Sometimes you may need to keep a variable inside a function local, but still, you want the variable to retain its value from the last call of the function in the most recent function call. This is very useful, in particular, makes your code immune to pitfalls of declaring variables global. The way to it is through the use of persistent attribute.

When you declare a variable within a function as persistent, the variable retains its value from one function call to the next. Other local variables retain their value only during the current execution of a function. Persistent variables are equivalent to static variables in other programming languages. Like global attribute inside functions, you have to declare variables using the persistent keyword before you use them inside the function. For example, consider the following function that adds an input value to some older value that already exists in the function from the old calls. If it is the first function call, then simply the input value is returned.

function result = findSum(inputvalue)
    persistent summ
    if isempty(summ)
    summ = 0;
    summ = summ + inputvalue;
    result = summ;
>> findSum(10)
ans =
>> findSum(10)
ans =
>> findSum(10)
ans =

To clean the workspace of the function from these persistent variables, either of the two following methods works,

clear all % danger! clears all objects in the MATLAB workspace.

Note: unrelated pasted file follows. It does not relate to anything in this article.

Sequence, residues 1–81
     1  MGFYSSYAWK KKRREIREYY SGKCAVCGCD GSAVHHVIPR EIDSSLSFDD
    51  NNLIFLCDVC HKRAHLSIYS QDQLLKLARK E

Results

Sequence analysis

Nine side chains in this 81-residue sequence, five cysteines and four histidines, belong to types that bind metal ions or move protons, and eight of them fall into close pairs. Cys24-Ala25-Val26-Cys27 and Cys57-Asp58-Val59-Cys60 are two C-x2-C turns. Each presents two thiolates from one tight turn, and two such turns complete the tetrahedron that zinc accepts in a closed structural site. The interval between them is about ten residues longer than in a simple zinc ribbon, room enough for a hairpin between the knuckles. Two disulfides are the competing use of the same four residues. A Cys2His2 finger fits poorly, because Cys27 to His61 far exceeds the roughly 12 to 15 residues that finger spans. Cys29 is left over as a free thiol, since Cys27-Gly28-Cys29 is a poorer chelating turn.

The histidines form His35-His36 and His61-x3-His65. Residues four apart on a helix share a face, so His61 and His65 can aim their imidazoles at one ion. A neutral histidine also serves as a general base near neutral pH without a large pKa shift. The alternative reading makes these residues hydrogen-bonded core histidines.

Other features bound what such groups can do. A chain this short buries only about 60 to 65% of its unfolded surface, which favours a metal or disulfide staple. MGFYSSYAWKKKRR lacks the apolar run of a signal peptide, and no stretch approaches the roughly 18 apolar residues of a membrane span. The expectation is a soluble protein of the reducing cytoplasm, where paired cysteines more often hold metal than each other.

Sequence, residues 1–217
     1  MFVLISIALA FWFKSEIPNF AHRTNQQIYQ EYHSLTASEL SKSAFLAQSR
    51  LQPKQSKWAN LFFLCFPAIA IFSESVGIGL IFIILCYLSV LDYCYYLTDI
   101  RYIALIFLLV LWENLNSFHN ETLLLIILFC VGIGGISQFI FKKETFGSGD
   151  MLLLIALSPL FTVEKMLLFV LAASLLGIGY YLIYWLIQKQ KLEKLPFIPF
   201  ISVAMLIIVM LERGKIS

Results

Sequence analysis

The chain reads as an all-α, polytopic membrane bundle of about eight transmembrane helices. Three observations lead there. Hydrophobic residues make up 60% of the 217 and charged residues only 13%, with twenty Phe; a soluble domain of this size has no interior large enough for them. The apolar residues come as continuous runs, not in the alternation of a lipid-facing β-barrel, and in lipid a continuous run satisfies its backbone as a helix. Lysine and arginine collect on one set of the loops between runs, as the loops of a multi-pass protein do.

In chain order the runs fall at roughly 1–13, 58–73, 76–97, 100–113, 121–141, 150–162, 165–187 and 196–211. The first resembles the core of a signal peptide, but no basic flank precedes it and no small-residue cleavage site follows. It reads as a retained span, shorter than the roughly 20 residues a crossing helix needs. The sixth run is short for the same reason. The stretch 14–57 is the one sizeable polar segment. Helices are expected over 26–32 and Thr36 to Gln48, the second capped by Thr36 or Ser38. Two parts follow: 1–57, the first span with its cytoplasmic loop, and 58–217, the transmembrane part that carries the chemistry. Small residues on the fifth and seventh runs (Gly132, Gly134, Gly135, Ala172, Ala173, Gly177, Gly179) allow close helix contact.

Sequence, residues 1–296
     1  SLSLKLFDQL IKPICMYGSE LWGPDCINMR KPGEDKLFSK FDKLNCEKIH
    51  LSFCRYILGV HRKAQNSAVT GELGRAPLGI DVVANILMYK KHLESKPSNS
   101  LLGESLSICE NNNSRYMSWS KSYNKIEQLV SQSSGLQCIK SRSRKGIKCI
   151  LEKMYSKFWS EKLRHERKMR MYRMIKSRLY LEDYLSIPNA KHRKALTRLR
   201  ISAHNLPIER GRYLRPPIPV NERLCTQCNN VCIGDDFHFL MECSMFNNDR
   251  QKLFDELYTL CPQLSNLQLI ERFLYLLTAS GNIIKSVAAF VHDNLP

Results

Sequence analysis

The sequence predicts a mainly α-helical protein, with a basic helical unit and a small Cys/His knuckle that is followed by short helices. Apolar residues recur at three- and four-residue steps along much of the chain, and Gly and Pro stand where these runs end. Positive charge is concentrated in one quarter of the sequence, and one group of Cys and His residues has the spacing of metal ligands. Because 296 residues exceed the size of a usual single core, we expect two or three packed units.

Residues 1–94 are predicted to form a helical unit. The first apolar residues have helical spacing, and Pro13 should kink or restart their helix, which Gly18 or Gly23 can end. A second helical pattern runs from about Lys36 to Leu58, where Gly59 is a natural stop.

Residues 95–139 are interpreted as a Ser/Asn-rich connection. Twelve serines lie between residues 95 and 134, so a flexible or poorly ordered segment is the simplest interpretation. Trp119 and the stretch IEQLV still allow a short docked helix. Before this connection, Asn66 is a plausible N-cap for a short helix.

clear <functionName> % clears only this specific function's workspace

To prevent clearing persistent variables, lock the function file using mlock.

Here are some advanced general advice by MATLAB developers on defining new variables and the scope of variables in MATLAB functions.

MATLAB functions vs. MATLAB scripts

MATLAB scripts are m-files containing MATLAB statements. MATLAB functions are another type of m-file, which were comprehensively discussed above. The biggest difference between scripts and functions are the following.

  • Functions can have input and output parameters. Script files can only operate on the variables that are hard-coded into their m-file.

  • Functions much more flexible than scripts. They are therefore more suitable for general purpose tasks, or for writing scientific software. Scripts are useful for tasks that don’t change. They are also a way to document a specific sequence of actions, say a function call with special parameter values, that may be hard to remember.

  • A script can be thought of as a keyboard macro: when you type the name of the script, all of the commands contained in it are executed just as if you had typed these commands into the command window. Thus, all variables created in the script are added to the workspace for the current session. Also, if any of the variables in the script file have the same name as the ones in your current workspace, the values of those variables in the workspace are changed by the actions in the script. This can be used to your advantage. It can also cause unwanted side-effects. In contrast, function variables are local to the function. (with the exception that you could declare and use global variables with explicit global attribute.) The local scope of function variables gives you greater security and flexibility. To summarize, the workspace of MATLAB scripts is the base MATLAB workspace, whereas functions have their own individual workspaces.